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The Rich Heritage of MVCS
The location of the Gila River Indian Community (GRIC) traces its roots to the Hohokam, prehistoric Native Americans who lived and farmed along the Gila River Basin, centuries ago. These are the ancestors to today's O'odham-speaking peoples. Today, the community is the homeland for two distinct tribes, the Akimel O'odham and the Pee Posh (Maricopa). The Pee Posh, a Yuman band that migrated from the southern Colorado River area, became an ally of the O'odham. Together they banded against surrounding belligerents.
The Pee Posh established residence in a hamlet called Maricopa Colony, located in the westernmost part of the reservation. The two groups agreed that each would follow their own traditions and have a single council govern its affairs. For these reasons, the term “Gila River Indian Community” was coined.
The 373,3650-acre reservation, which lies south of Phoenix, Tempe, was formally established by Constitution in 1939. Tribal administration offices and departments are located in Sacaton, Arizona. This area was federally recognized in 1859, and it currently has a population of 16,500.
-The State of Indian Country Arizona | Volume 1 Arizona State University et.al., 2013. Adapted for the web.
The Native Maricopa
When the Spanish conquistadors first came into the Salt River Valley 400 years ago, they found a group of Indians living around the Gila Bend district who were peace-loving agriculturists, subsisting principally upon the products of the soil such as corn, squash, pumpkins, and beans, augmented by such wild roots, herbs and berries as they had learned to be healthful in their food cultivation.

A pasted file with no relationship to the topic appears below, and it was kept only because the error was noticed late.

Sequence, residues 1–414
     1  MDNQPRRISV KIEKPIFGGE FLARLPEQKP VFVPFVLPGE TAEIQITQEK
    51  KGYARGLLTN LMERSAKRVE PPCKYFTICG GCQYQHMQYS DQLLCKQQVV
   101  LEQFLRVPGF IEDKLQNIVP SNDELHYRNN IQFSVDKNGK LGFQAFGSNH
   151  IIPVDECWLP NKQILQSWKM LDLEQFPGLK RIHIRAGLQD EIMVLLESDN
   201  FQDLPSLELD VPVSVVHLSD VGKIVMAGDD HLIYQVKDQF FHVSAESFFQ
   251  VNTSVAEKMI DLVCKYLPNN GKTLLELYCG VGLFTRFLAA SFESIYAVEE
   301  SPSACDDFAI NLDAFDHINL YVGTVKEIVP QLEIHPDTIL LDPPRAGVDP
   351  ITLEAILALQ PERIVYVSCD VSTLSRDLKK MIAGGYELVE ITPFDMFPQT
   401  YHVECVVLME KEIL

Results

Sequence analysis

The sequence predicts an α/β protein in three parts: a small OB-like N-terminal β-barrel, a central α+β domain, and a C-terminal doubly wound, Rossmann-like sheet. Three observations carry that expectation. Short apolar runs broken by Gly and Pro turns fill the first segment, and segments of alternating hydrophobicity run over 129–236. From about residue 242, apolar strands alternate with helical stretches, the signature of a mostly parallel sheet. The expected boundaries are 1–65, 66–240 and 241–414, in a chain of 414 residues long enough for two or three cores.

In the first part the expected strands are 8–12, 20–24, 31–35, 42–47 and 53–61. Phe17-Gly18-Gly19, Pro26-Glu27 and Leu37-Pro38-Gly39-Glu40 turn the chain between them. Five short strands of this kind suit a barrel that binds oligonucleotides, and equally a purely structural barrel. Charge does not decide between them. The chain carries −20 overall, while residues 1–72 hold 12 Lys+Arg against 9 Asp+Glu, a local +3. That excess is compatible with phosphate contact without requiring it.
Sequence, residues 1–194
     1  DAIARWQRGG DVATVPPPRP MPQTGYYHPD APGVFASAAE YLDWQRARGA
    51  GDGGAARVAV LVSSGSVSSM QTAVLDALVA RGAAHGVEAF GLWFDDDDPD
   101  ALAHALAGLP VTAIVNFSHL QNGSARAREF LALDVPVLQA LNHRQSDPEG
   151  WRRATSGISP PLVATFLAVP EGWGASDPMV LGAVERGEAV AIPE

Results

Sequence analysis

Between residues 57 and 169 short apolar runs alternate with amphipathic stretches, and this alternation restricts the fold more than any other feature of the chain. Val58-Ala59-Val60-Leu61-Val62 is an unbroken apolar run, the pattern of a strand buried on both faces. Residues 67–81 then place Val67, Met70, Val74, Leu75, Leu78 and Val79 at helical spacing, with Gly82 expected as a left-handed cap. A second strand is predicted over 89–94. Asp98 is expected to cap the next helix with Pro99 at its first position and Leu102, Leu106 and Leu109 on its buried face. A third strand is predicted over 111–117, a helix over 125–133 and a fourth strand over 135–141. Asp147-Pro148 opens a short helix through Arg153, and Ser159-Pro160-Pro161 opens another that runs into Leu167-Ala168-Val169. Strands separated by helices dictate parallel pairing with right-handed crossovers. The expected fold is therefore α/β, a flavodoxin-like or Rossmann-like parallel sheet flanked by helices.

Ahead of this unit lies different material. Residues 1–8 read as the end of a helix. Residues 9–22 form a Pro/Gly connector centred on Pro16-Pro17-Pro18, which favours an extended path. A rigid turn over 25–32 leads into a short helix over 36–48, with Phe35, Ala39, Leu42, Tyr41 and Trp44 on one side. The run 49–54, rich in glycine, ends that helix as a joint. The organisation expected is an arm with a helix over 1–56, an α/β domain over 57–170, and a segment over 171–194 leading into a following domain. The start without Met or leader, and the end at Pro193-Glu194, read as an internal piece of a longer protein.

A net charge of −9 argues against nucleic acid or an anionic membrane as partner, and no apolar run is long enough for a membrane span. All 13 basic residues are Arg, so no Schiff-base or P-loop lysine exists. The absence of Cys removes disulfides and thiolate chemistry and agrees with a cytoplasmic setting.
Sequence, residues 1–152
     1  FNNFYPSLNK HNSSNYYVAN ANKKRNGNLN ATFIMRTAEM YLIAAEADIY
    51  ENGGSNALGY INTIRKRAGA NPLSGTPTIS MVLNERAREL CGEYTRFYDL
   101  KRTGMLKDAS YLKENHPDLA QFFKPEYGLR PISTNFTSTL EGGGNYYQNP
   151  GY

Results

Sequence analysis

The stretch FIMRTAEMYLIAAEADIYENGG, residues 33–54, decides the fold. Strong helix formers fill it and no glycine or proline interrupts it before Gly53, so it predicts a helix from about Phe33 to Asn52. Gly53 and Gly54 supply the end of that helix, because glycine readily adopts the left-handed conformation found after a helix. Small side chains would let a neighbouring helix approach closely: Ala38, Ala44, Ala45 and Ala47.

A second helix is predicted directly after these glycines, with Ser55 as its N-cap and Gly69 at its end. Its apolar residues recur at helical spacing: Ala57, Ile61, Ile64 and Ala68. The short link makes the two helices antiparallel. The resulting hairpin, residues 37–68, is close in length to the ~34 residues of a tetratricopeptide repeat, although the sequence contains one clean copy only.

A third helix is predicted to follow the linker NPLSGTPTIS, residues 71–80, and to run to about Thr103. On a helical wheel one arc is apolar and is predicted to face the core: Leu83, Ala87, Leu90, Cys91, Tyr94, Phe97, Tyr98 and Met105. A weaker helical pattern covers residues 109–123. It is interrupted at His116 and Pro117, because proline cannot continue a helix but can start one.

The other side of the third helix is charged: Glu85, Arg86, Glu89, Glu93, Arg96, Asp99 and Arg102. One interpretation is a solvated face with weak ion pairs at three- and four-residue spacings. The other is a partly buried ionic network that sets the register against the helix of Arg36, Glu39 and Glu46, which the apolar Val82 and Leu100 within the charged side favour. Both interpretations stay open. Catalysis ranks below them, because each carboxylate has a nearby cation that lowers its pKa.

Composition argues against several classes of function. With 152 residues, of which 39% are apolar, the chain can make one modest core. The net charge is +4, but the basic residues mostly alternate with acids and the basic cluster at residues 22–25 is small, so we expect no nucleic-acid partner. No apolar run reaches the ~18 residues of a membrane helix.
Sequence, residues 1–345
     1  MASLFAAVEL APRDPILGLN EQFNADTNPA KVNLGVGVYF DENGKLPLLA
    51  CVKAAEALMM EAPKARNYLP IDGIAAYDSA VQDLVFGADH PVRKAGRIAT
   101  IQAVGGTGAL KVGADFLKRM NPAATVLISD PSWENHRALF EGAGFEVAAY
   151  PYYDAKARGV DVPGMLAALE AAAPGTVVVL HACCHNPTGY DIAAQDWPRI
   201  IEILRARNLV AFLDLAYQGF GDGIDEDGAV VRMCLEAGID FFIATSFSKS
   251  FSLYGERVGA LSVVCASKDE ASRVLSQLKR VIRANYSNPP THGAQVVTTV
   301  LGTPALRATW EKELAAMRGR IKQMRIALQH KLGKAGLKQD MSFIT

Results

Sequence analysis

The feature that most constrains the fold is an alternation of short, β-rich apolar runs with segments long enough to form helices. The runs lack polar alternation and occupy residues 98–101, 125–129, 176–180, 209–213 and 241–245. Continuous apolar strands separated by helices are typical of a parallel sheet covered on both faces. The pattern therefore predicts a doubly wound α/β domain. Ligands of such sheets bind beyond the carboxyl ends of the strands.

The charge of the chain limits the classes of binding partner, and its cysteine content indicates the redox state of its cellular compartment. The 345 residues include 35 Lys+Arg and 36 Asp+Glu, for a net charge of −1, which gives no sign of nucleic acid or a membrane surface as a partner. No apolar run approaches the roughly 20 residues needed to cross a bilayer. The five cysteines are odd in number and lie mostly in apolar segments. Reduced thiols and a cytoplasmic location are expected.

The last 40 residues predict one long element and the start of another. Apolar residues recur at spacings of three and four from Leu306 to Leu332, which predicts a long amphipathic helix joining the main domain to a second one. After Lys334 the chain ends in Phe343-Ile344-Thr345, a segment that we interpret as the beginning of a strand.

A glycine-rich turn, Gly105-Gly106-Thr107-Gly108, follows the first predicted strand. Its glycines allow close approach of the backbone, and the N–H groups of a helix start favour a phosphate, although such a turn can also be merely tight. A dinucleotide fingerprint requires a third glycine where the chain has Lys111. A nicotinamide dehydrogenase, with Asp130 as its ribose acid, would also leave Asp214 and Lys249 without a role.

Because of their unique clothing and bright body paint, the Spaniards who first saw them referred to them as "mariposas," or butterflies. The term as repeated by these Natives became "Maricopa," and is now the present tribe name.
-The Indian Missionary, Vol. IV, June 1942, No. 6. Adapted for the web.
Maricopa Mission School
In 1932, mission minded Seventh-day Adventists Elder and Mrs. Orno Follett of Scottsdale, AZ, came to the Maricopa mission field. They became acquainted with members of the Maricopa tribe and were invited to hold meetings at their reservation. They had wonderful attendance. Nearly all families on the reservation continued to come week after week, month after month. Quite a few were baptized and joined the Adventist Church.
In 1935, with cooperation of the General Conference of Seventh-day Adventists, the Union and local conference, and of the Natives, construction was started for the first chapel on the reservation. Glad for the development, the Maricopa members began constantly petitioning the church leaders for a mission school where they could provide their children with Christian training.